To evaluate the cervical facet loading profile of an intervertebral cervical disc prosthesis incorporating a unique saddle-shaped articulation and to determine the effect of implantation of the prosthesis on both the loading curve and area distribution of facet loading, when compared with that of an intact specimen.
This is the first study that examines the effect of implantation of a cervical disc replacement on the loading of the facet joints.
Fresh-frozen ovine cervical spine specimens were used. Specimens were prepared and disarticulated to yield 6 functional spinal units, which were secured and mounted in a custom fixture on a material testing apparatus. A novel pressure sensor was constructed by combining a resistive ink thin film sensor with Fuji pressure-sensitive film. The sensor was calibrated before unilateral insertion into the cervical facet joint via a small arthrotomy. Specimens were tested in both intact condition and after surgical intervention consisting of discectomy and implantation of an intervertebral cervical disc prosthesis (CerviCore, Stryker Spine, Allendale, NJ). Specimens were tested in flexion, extension, and lateral bending to 3 Nm and in torsion to 2.5 Nm. At the termination of each loading profile, the load was maintained for 30 seconds to permit full exposure of the Fuji film. For each configuration, the maximum resultant load, load rate, and contact area pressure at the endpoint of the loading profile were determined. A paired Student t test was used to determine the differences between the intact specimen and the specimen with an implanted intervertebral disc prosthesis.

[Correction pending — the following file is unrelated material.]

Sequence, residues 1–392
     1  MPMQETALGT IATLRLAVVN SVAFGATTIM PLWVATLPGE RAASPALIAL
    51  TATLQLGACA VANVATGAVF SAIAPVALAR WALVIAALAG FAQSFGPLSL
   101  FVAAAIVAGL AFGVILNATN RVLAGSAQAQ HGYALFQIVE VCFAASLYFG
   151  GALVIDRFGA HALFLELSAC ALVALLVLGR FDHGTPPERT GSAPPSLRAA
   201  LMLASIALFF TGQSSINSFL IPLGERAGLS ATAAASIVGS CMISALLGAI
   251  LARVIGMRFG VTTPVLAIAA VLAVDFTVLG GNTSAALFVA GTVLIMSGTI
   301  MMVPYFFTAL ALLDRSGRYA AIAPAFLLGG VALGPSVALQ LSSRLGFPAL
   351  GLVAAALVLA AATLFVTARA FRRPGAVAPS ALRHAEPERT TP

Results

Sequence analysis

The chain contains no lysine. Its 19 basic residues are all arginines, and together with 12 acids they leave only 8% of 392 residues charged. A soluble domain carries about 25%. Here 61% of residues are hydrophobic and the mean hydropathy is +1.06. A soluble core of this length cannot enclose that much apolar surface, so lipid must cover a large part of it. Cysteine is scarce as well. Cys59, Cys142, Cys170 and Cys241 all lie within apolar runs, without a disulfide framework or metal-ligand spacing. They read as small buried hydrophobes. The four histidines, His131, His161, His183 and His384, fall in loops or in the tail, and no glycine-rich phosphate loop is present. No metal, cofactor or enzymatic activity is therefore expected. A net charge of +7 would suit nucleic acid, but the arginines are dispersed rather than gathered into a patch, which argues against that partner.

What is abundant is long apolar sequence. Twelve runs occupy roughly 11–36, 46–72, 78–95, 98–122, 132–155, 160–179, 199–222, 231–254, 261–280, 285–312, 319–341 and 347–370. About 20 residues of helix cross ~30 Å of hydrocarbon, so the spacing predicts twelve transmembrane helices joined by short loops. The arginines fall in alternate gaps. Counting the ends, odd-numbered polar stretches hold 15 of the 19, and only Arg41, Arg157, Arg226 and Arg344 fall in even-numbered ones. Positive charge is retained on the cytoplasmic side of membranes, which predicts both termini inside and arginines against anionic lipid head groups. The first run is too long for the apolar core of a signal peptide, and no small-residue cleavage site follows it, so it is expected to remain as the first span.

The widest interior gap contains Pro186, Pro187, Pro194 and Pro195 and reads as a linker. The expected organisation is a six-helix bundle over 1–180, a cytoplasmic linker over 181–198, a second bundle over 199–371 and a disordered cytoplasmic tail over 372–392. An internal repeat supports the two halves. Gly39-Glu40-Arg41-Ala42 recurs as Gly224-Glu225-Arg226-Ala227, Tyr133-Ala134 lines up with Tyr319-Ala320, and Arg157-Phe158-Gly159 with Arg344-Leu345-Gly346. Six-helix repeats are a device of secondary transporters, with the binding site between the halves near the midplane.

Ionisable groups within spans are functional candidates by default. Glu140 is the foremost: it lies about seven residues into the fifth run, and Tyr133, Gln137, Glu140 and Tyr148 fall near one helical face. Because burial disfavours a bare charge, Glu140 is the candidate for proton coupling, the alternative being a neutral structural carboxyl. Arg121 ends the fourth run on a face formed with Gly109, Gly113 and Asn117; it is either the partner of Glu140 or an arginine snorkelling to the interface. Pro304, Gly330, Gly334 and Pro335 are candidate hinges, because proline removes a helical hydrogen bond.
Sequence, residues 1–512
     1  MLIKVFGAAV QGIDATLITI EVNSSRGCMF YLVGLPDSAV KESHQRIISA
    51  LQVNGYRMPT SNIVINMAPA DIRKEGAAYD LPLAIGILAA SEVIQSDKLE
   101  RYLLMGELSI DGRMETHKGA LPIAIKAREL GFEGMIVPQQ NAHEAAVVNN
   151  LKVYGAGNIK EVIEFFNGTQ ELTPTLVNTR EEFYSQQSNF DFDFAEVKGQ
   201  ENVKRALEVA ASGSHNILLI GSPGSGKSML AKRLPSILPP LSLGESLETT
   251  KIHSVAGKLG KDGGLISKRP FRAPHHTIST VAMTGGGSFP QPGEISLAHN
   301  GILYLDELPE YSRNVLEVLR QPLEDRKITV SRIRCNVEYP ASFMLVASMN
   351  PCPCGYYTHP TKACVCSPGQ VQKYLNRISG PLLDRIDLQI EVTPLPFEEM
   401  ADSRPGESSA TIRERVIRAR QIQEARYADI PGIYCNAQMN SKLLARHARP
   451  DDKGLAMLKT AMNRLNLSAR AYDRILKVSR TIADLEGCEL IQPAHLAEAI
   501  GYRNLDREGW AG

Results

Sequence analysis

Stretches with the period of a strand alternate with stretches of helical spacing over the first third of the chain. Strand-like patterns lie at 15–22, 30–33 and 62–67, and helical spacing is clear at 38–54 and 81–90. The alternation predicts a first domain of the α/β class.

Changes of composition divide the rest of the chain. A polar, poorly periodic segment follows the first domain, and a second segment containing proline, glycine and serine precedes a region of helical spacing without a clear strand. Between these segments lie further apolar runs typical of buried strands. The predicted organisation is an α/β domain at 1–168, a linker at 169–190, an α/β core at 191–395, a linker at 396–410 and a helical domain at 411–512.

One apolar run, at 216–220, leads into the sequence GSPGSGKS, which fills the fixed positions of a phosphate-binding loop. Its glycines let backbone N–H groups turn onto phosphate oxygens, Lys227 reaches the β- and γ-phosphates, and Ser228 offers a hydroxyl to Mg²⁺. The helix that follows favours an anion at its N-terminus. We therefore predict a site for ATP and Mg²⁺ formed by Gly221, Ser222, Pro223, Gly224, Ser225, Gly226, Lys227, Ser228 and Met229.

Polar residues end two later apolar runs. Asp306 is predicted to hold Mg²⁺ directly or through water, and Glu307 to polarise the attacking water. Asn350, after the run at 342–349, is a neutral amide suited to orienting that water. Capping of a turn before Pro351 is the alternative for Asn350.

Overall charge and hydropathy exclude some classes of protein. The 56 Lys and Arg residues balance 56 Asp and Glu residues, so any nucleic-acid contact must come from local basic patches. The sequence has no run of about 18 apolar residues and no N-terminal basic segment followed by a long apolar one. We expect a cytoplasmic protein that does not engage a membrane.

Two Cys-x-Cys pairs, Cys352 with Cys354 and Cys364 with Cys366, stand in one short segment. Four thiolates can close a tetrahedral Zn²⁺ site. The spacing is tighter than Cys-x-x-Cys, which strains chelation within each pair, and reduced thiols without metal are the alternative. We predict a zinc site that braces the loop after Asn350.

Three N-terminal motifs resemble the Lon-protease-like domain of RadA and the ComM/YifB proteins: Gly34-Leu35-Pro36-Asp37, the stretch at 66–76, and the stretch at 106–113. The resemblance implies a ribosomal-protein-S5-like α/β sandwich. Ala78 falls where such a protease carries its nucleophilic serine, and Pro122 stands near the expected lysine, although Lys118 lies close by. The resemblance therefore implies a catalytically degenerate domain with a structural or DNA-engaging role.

There were no statistically significant differences in mean or maximum pressures between the intact specimen and the specimen with an intervertebral disc in all loading configurations. Similarly, there was no significant difference in the total measured force between the groups in all loading configurations. There was no significant difference in contact areas between the groups in flexion, lateral bending, and torsion. When evaluated in extension, the intact specimen had a mean contact area of 0.8 cm compared with 0.5 cm for the intervertebral disc (P<0.02).
Biomechanical testing in an ovine model demonstrated no significant difference in measured facet pressures and forces between an intact native cervical disc specimen and a cervical intervertebral disc prosthesis using a saddle-shaped articulation. Peak and mean pressures were not demonstrated to be significantly different between the implanted and intact disc conditions. Implantation of the prosthesis resulted in a significant reduction of contact area under extension moments.